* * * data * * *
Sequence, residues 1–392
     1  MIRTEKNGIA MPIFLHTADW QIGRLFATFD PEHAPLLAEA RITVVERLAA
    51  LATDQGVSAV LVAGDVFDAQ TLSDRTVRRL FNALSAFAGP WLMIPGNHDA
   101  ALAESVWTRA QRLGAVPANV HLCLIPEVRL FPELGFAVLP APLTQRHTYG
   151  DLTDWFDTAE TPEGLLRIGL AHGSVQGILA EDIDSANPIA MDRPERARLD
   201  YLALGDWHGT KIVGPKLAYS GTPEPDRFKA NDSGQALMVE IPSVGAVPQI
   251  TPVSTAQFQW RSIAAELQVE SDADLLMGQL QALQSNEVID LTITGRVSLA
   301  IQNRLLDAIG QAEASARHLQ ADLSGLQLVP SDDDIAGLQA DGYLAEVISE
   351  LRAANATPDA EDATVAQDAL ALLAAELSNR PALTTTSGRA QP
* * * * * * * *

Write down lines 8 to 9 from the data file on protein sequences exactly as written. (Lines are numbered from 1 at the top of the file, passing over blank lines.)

   301  IQNRLLDAIG QAEASARHLQ ADLSGLQLVP SDDDIAGLQA DGYLAEVISE
   351  LRAANATPDA EDATVAQDAL ALLAAELSNR PALTTTSGRA QP